Two words that send fear and loathing through potential platforms and devices everywhere. For Windows enthusiasts and the guys in charge of Apps inside Microsoft it’s the bane of their existence. The app gap refers to missing application a platform has in comparison to another platform. The app gap is a funny concept because it doesn’t describe if or when a platform narrows it. The Gap is also hard to define; the closet most get to is in describing what’s missing. It’s a symptom of the numbers game that comes with having app stores.
An app gap is a persistent problem for any computing platform; it has been an issue for the Mac and Linux. Having one is especially bad in mobile where applications serve to add functionality.
For Microsoft the fact it has an app gap is one of the reasons it faces a difficult time in gaining traction in mobile. Now Microsoft’s deficit is not as big as it once was; it has a number of services and games that match other platforms. But it is true there are gaps in their platform. There are applications from companies like Google and Amazon, services like Lyft, and a multitude of local applications (like news stations and businesses). Some of these apps will come, others likely never, and a few will arrive when there is a chill in the air in hell (Google). The problem for Microsoft is how to effectively close the gap while simultaneously making sure vendors don’t create dead end applications (apps that are written once and never updated again).
Now one solution is to find a way to port Android apps onto the Windows platform; having them run natively. Having Android programs running on Windows tablets and phones would theoretically close the gap. Android is the second platform with the largest installed base. It has no real gap between itself and iOS. Microsoft’s solution would probably work better than similar work done by Amazon and Blackberry (both of them who use Google’s phone OS). The biggest problem with this would be it would kill native application development. There is a way to “solve” the app gap, and it begins with understanding a few things about what having a gap means.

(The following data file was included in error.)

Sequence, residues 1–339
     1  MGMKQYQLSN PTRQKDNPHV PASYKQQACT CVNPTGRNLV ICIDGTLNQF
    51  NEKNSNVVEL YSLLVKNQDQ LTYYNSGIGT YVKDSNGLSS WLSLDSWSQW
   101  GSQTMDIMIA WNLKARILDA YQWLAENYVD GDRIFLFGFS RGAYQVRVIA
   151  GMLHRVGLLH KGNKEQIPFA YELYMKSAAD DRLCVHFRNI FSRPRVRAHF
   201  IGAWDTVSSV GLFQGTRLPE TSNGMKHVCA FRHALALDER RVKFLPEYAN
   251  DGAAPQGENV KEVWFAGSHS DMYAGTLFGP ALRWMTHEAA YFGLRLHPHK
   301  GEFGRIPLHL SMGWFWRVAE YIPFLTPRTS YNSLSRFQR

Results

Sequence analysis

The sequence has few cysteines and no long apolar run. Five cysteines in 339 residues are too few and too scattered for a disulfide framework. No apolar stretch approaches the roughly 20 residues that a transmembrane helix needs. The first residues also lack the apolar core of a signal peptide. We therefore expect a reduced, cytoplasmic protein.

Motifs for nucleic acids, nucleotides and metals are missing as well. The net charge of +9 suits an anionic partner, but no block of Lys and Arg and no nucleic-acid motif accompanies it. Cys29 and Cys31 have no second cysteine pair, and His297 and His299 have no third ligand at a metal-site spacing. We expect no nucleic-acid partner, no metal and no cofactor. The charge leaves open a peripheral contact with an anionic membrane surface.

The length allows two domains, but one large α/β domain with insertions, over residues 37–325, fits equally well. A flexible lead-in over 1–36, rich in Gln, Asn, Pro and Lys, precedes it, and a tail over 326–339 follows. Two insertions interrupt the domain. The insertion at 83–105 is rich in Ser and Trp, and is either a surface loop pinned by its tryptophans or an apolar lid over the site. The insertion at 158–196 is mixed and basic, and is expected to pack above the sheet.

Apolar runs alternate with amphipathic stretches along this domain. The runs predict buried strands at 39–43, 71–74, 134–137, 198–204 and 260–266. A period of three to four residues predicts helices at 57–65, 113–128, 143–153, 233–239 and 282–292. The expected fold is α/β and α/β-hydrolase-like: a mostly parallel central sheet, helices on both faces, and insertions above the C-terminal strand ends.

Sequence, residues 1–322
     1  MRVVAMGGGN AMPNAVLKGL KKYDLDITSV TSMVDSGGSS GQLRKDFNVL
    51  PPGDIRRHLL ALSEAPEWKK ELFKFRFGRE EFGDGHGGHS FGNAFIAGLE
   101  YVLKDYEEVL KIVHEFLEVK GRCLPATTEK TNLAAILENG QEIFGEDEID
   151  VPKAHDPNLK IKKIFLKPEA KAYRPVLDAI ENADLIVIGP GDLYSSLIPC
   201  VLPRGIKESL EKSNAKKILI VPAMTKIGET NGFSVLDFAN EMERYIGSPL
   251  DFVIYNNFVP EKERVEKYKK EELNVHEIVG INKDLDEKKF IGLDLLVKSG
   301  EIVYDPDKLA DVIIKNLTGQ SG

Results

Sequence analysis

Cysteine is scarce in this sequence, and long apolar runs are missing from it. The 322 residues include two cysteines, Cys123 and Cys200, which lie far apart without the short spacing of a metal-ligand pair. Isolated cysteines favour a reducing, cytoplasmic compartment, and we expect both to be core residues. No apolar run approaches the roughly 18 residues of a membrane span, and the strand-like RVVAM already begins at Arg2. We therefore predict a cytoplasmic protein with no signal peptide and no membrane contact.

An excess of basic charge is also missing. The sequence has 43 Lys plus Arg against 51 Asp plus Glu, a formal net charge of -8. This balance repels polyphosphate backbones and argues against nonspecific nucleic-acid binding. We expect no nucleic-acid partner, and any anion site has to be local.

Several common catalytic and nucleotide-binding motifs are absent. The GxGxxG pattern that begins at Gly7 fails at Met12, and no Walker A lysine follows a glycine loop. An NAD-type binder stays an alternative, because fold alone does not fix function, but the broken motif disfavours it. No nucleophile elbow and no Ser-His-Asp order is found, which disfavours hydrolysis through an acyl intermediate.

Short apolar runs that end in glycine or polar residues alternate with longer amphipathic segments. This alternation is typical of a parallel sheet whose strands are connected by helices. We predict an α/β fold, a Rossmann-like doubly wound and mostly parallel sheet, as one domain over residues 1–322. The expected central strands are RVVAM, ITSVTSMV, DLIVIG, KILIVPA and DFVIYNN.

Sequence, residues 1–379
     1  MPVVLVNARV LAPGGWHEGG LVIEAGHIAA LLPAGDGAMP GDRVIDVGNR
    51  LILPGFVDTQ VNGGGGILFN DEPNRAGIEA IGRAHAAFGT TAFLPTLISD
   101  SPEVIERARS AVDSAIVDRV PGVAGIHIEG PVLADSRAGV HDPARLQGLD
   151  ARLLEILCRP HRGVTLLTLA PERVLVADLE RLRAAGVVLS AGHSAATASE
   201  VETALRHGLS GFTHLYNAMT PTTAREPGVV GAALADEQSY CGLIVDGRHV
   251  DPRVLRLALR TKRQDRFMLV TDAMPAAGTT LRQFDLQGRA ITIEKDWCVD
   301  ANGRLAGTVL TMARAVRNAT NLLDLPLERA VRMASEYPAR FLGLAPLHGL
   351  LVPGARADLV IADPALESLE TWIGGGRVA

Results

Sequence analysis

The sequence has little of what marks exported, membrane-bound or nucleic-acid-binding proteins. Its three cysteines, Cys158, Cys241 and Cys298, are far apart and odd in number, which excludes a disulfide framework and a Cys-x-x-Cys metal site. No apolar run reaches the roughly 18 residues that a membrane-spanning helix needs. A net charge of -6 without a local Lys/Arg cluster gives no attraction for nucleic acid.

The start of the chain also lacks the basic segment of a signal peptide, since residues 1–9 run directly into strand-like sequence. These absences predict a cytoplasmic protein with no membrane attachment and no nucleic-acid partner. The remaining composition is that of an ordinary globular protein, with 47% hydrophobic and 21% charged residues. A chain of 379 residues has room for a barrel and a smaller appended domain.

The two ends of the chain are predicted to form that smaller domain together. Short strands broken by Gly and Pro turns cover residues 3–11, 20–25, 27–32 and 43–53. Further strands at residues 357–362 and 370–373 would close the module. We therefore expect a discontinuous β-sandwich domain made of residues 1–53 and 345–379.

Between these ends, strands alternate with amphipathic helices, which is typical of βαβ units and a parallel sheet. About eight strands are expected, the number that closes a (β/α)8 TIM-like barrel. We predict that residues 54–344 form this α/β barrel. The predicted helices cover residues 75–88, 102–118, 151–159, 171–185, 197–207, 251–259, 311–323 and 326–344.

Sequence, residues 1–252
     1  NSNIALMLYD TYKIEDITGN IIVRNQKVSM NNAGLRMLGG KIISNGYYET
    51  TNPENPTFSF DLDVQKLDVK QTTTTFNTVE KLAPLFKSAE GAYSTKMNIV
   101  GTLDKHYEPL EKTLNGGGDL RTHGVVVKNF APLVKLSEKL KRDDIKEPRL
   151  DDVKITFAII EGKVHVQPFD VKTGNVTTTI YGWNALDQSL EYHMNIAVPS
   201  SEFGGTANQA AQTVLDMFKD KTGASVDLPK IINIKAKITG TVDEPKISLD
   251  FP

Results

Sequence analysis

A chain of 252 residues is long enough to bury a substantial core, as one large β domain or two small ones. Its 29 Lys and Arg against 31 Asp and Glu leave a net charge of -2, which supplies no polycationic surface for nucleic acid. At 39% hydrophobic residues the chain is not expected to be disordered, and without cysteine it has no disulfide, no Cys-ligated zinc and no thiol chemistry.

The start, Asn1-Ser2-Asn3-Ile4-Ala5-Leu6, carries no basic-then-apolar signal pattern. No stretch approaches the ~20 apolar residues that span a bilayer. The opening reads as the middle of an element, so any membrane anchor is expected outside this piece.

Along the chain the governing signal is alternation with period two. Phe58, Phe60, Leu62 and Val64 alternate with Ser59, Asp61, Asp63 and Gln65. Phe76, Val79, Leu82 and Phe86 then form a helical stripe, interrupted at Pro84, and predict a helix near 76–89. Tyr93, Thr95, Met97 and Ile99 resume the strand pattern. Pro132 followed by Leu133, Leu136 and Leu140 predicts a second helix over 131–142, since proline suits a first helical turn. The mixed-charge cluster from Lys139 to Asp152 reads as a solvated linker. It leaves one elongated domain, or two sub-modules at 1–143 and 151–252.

The App Gap is ALWAYS with you
In solving the gap the first thing Microsoft should recognize is that it can’t. There will always be some new or existing app that won’t be in the Windows Store. Many apps also are purely flash in the pan software; one hit wonders that light up AppAnnie but disappear. Others will build themselves into solid services and need space to grow. The thing about talking about the gap is we are actually talking about the health of the ecosystem; can a user be happy with the selection in the store at the moment. The gap is nebulous any number of app could be the one that prevent someone buying a device. The trick in dealing with this situation is knowing its manageable. So then the question becomes one of how.
Use the Gap as an advantage
Analyst Wes Miller had a great post some years ago about Windows’ application holes. He described how types of apps help spur the platform and thus create a cycle in which more apps the showcase the platform are created. Right now Microsoft is not able to do this in any appreciable way. However Redmond can use their distinguished competition as a way to vet applications that could bolster its mobile fortune. View it this way, iOS has the app makers and the services that best represent mobile computing. Microsoft doesn’t need all of them just enough to fill out the portfolio. They could use both Android and iOS to weed out those programs that will be nothing more than one app wonders. From a strategy perspective Microsoft needs to insert itself in between iOS and Android. One thing Microsoft can offer is a level of developer support lacking in their larger counterparts; it would be a hard sell but it’s a in their favor. Now that we know the gap and use it to curate for the platform there is one thing left; tying it to something that makes having the gap a moot point.
Tie apps into Productivity angle
So we have this gap, this hole and you can either spend time constantly fretting over it or do things to make it a non-issue. One thing Microsoft could do, should do is focus on getting apps that tie into new head Satya Nadella’s idea of Windows as a productivity platform. Apps that tie into the things that make users productive and helps them get work done shifts the story. I mean Windows is whether enterprise or personal; about doing. The apps in the store should reflect that.
Now what I’m suggesting won’t overnight reverse its fortunes, but it could move Microsoft closer to being a more solid competitor.